On the flights between JFK and Newark, the Spaniards have leased a Boeing 777 that was retired from Asiana Airlines. It too has no economy plus section, and a different seating configuration lacking in power plugs. In fact, some fliers complain the planes are so old that they have ashtrays in the seat rests dating back to the time when smoking was permitted on planes.
Americans have been the most vociferous writing letters to this paper bemoaning the flights. They’ve taken to social media attacking El Al for these flights.
I encourage any readers who have purchased an El Al flight and wound up on a Privilege Style plane to vent your displeasure by sending an email to customer@ elal.co.il.
Let’s be clear. Under the present arrangement, El Al has no choice but to rely upon the largesse of the Spanish airline. Giving in to the pilots’ demands would lead to a quick breakdown of the huge savings it has gained by the dramatic reduction in the price of airline fuel. The customer in-flight experience has been satisfactory. It is the process before they get on the plane that has brought a litany of complaints.
For the last few years, El Al has been promoting premium economy seating on a variety of aircraft, especially to North America. For $150 in each direction or 300 points from one’s El Al frequent-flier account, one can gain access to a bit more leg room, (13 cm.) resulting in a wider pitch of your seat and the pleasure of not having the seat tray of the seat in front of you coming perilously close to your body. In reality, it makes a tidy amount from the premium economy product, so when they are forced to contact passengers to tell them that it no longer is an option, one would think it would be more forthcoming, other than offering a full refund.
In fact, while it charges you immediately for seats, the refund takes more than one month to process, leaving a bitter taste. When a large family has purchased tickets and prearranged their seats, one would like to believe that when the aircraft is changed, El Al’s personnel would do their best to seat the family together. One would be wrong.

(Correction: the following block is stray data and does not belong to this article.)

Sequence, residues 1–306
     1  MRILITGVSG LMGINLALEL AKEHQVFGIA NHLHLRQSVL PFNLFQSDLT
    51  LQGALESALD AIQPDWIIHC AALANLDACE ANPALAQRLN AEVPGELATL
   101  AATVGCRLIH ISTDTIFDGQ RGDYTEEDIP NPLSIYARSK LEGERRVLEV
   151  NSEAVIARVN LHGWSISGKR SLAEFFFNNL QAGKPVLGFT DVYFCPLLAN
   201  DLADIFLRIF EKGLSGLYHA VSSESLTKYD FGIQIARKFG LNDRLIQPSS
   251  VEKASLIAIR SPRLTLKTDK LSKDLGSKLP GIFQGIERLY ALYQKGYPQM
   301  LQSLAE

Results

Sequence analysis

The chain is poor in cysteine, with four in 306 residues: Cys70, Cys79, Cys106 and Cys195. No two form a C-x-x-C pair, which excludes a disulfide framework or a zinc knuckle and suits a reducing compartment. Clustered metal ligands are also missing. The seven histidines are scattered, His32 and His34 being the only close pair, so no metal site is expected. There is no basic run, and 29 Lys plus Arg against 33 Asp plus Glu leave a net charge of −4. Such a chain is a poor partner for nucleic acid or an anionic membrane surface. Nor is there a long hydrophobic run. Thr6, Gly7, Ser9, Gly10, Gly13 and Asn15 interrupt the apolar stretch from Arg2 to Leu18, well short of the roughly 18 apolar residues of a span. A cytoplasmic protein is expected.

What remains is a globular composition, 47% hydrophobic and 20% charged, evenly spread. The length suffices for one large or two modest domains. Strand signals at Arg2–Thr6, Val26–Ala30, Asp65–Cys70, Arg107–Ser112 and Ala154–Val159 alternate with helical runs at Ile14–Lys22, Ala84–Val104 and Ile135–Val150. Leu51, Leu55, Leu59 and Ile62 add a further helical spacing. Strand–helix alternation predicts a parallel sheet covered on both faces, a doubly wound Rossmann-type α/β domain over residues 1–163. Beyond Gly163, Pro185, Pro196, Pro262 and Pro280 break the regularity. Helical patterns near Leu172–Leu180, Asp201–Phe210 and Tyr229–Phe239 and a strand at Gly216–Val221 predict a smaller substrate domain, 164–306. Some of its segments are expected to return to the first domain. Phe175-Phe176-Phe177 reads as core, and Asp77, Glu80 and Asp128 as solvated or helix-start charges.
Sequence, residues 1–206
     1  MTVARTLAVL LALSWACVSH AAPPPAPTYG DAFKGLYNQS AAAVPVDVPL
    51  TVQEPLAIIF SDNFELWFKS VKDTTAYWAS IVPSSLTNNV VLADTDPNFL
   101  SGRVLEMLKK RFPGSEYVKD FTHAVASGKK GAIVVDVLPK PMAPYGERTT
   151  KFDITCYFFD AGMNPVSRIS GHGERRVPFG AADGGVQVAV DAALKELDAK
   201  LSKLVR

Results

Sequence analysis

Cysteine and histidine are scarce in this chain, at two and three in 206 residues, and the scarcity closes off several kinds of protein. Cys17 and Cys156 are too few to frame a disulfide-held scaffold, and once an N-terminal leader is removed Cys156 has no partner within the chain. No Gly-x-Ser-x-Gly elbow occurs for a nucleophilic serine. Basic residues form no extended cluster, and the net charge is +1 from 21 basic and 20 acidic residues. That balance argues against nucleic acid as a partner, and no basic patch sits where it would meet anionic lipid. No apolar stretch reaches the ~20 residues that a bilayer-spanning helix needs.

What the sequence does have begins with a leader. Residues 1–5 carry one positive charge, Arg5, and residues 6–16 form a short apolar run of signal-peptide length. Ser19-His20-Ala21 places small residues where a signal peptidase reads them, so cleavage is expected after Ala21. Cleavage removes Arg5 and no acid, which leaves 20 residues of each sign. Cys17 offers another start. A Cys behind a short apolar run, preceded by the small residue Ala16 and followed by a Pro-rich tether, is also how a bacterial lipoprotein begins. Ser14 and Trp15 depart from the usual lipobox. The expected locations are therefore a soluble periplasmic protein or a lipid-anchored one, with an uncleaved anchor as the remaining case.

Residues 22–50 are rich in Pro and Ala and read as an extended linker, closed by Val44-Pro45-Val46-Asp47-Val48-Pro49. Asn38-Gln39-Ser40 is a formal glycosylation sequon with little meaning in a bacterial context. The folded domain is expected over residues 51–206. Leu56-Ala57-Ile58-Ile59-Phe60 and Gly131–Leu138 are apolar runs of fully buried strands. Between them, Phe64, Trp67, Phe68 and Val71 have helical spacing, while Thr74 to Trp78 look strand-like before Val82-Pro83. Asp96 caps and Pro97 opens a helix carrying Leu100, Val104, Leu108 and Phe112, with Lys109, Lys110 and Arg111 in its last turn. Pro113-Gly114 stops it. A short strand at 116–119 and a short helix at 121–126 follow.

Every so often the airline releases a “Corporate Responsibility Report” to publicize and promote what a wonderful job it does in this sphere.
In their latest report, David Maimon, the president and CEO of El Al, waxes poetic: “We are aware of the effect that aviation has on our environment, as well as the related risks to which airlines are exposed. But where there are risks, there are also opportunities.
“Last but not least – the people of El Al, our human capital and the reason behind our strength. To offer you a more fair, considerate, attentive and pleasant working environment is our privilege and duty,” he concludes.
David, I implore you get your head out of the clouds! You have surrounded yourself with too many lepers and leeches, employees whose main interest is their own self-preservation.
You claim weeding out the bad apples is an arduous task, patience must be exercised and in the end an agreement can be made with the pilots’ union. El Al has come close several times, only to find the pilots reneging on an agreement. It’s time to take a lesson from dozens of other airlines over the last 15 years: Shut it down, tear it up and press reset.
In 2017 El Al is due to begin delivery of new Boeing 787 aircraft. Commonly called Dreamliners, these aircraft will allow El Al to compete head-to-head with the United Airlines and British Airways of the world.
They’ll be able to open up new routes, add new products and boldly go where it has never gone before. This means that if it is ever going to reinvent itself, it is in 2016.
Yes, a shutdown will be costly; it will erode customer loyalty, and of course severely test El Al’s fragile financial recovery, but there is no other choice, David.
If you rebuild it, I promise you the customers will come. By nature, the flying public has a short memory.
Whether it takes three weeks or three months to get new contracts in place, the long-term returns will be worth it. The bottom line is that when taking into account risk versus reward, you have to take the risk.
It’s simply a privilege that all of us who care deeply about El Al deserve.